Summary: A look at what our speech says about our relationship with Christ
The flames cast eerie shadows over the mixed group crowding in for warmth. The talk was of the man from Galilee who had been arrested by the temple guard for blasphemy. Who had seen him. what did they think. Was he God or was he the devil? And as they spoke someone pointed to the burly young stranger in the corner. "You, you were with the one called Jesus." "No you’re wrong." He said, "I don’t know the carpenter" but somebody else piped up "Sure you do, I’m positive of it" and this time Peter the fisherman ignoring the fact that he was in mixed company answered with a string of oaths. The group turned away from him and started talking amongst themselves when one broke away from the others and approached the scowling Simon Peter and said Matthew 26:73 (quickview)  "Surely you also are one of them, for your speech betrays you."
Now we all know the story. How Christ told Peter at the Passover that He would deny him. "Not a chance" said Peter "I would die before I’d deny you!" "Oh yes you will" replied Christ, "and you will do it before the rooster crows this morning."
We all know how on three separate occasions Peter had the opportunity to stand up for Christ, and how he failed all three times. This morning we are going to look at the words spoken to Peter in Matthew 26:73 (quickview)  "your speech betrays you."
Now the literal meaning of this statement is that something that Peter said, or how Peter said it revealed that he was from Galilee. This is backed up by the way it is translated in the New International version where it says Matthew 26:73 (quickview)  A little while later some people standing there walked over to Peter and said, "We know that you are one of them. We can tell it because you talk like someone from Galilee."
Now one of two things happened. The first is that we are told that Peter denied that he knew Christ with an oath, and maybe this gave him away as a fisherman because I have known fisherman who could cuss the bark off a tree. This is kind of backed up in Matthew 26:74 (quickview)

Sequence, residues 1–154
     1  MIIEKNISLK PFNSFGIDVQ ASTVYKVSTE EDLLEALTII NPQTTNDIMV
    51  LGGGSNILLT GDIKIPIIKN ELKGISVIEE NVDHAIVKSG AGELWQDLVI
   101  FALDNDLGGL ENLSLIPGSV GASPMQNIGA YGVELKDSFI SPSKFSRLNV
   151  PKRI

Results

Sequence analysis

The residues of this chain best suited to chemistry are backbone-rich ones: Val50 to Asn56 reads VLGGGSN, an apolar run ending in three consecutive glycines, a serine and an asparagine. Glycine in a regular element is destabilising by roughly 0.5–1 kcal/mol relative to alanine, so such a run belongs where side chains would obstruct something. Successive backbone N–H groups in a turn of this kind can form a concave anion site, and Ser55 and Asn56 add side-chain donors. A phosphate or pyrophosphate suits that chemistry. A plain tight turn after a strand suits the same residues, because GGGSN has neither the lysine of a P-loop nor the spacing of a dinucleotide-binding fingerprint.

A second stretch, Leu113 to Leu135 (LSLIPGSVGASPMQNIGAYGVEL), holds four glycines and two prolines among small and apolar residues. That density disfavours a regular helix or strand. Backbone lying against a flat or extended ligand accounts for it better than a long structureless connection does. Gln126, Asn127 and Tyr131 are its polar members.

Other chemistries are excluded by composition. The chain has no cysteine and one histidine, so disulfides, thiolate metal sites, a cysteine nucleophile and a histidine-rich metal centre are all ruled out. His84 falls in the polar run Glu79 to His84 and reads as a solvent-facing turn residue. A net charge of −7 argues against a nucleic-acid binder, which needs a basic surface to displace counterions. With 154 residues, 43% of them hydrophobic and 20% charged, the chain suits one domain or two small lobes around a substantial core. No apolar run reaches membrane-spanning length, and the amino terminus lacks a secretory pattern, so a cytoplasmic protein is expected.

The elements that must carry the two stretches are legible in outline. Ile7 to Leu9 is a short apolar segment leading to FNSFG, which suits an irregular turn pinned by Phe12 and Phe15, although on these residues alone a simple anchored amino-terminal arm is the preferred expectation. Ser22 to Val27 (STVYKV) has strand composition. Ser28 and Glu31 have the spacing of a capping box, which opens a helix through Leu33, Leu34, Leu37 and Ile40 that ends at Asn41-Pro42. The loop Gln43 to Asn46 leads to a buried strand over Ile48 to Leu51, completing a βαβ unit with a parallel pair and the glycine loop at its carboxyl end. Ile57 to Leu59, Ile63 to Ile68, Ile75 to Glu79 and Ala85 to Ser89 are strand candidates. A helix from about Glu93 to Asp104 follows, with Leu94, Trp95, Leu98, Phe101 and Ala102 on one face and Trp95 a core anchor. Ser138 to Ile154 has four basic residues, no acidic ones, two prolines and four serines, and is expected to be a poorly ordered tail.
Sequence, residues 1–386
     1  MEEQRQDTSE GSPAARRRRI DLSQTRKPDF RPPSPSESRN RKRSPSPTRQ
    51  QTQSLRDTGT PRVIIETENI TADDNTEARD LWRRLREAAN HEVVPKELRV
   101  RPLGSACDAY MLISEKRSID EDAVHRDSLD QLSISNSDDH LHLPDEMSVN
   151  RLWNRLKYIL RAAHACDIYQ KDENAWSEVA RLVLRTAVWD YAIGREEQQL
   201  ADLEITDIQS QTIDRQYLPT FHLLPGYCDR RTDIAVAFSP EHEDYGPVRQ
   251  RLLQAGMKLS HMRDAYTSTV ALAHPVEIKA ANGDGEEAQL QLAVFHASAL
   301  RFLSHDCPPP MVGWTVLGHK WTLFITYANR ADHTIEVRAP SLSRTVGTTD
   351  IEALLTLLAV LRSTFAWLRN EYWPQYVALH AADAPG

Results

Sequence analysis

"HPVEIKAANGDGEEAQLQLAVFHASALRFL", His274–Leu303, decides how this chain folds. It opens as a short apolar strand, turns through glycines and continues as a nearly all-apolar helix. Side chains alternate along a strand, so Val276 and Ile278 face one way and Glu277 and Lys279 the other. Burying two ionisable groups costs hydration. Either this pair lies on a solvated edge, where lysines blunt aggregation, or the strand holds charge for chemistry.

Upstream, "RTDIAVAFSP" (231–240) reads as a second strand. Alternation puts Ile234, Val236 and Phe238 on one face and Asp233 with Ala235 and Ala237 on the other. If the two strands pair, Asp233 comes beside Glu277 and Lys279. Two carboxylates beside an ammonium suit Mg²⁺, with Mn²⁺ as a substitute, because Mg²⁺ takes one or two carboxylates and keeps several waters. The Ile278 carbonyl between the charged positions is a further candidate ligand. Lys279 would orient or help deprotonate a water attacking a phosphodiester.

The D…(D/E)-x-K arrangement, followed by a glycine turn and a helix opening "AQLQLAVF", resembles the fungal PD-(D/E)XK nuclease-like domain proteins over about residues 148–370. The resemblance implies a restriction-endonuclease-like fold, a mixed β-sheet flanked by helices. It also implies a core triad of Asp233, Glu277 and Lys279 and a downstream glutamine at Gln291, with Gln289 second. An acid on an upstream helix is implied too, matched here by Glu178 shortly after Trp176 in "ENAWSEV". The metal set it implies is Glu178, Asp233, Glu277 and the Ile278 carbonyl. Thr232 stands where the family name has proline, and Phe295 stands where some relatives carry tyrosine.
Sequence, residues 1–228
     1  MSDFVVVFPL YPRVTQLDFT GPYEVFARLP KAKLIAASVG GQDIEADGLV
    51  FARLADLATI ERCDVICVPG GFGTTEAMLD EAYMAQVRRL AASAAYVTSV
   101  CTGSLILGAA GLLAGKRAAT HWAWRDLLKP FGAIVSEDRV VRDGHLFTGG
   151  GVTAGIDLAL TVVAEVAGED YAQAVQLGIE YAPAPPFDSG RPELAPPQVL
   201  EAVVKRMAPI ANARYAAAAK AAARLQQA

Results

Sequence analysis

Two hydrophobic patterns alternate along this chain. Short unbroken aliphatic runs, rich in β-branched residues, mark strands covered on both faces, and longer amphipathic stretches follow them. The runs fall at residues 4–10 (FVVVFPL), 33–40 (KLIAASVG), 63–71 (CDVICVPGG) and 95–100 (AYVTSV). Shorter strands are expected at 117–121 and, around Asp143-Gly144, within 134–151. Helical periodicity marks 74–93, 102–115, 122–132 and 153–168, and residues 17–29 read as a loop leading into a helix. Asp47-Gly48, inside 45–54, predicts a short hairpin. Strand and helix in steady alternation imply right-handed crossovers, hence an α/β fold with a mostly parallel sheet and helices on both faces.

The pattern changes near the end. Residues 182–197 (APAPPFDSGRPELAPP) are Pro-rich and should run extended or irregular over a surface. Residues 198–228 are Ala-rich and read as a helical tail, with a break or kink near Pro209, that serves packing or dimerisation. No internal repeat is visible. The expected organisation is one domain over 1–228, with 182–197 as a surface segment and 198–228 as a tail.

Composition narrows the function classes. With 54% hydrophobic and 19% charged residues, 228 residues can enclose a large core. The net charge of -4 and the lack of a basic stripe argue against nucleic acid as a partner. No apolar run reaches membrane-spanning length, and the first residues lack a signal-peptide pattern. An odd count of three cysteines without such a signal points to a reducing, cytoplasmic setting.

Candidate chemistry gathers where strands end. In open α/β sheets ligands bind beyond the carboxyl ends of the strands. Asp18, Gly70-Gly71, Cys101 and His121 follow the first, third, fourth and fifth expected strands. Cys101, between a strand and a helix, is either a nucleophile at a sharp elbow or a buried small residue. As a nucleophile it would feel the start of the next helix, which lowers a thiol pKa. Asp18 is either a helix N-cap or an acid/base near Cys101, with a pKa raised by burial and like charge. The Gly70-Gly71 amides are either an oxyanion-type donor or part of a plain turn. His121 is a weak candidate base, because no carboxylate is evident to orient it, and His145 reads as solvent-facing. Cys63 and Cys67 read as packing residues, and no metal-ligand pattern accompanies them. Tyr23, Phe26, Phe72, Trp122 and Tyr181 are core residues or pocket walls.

74 Peter began to curse and swear,
More likely though the man was responding to Peter’s Galilean accent. You notice that different groups of people have distinct ways of speaking. Englishmen, Scots, the Irish, Australians, Canadians and Americans all claim English as their native language and yet they all speak differently. When we were in Australia a lot of people mistook us for Americans although every once in a while someone would say, "you must be from the east coast of Canada" and I’d say "how could you tell" and their response would be "You said out and boat"
And so the literal meaning of the passage is that Peter’s Galilean accent gave him away. But for a moment let us totally disregard everything that we know about interpreting the Bible and preaching Biblical sermons. Let me forget everything that I was taught at college about preaching. Because this morning we will proceed to take this text completely out of context, and preach about something that has nothing to do with the surrounding Scriptures at all. And so journeying into the area of conjecture, and leaving the historical, Biblical, doctrinally, and common sense of the context of the portion of scripture behind let’s venture forth into a topical message that won’t relate in any way to what Matthew was trying convey when he penned these words. But on the other hand it looks like it could turn into a pretty good message, so casting homelitcal caution to the wind let’s try it.